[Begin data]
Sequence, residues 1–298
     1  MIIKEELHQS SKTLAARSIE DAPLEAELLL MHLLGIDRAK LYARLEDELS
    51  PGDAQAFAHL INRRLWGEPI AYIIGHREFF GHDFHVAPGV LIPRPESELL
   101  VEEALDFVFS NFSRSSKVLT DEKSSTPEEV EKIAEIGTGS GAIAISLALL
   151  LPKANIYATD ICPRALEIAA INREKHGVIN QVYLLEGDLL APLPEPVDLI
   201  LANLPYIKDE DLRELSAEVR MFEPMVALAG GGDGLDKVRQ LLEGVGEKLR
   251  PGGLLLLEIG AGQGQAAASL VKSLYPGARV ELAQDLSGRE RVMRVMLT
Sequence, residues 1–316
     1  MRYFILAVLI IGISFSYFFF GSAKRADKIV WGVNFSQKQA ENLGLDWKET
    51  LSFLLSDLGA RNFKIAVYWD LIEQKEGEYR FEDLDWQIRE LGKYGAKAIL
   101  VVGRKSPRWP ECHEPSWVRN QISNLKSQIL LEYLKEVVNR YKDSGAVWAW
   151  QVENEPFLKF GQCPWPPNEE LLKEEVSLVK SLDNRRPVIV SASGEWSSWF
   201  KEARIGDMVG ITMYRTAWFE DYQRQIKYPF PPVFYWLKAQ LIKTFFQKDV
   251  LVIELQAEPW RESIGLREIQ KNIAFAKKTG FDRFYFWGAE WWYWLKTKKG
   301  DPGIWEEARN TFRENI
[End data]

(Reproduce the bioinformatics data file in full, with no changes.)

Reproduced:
Sequence, residues 1–298
     1  MIIKEELHQS SKTLAARSIE DAPLEAELLL MHLLGIDRAK LYARLEDELS
    51  PGDAQAFAHL INRRLWGEPI AYIIGHREFF GHDFHVAPGV LIPRPESELL
   101  VEEALDFVFS NFSRSSKVLT DEKSSTPEEV EKIAEIGTGS GAIAISLALL
   151  LPKANIYATD ICPRALEIAA INREKHGVIN QVYLLEGDLL APLPEPVDLI
   201  LANLPYIKDE DLRELSAEVR MFEPMVALAG GGDGLDKVRQ LLEGVGEKLR
   251  PGGLLLLEIG AGQGQAAASL VKSLYPGARV ELAQDLSGRE RVMRVMLT
Sequence, residues 1–316
     1  MRYFILAVLI IGISFSYFFF GSAKRADKIV WGVNFSQKQA ENLGLDWKET
    51  LSFLLSDLGA RNFKIAVYWD LIEQKEGEYR FEDLDWQIRE LGKYGAKAIL
   101  VVGRKSPRWP ECHEPSWVRN QISNLKSQIL LEYLKEVVNR YKDSGAVWAW
   151  QVENEPFLKF GQCPWPPNEE LLKEEVSLVK SLDNRRPVIV SASGEWSSWF
   201  KEARIGDMVG ITMYRTAWFE DYQRQIKYPF PPVFYWLKAQ LIKTFFQKDV
   251  LVIELQAEPW RESIGLREIQ KNIAFAKKTG FDRFYFWGAE WWYWLKTKKG
   301  DPGIWEEARN TFRENI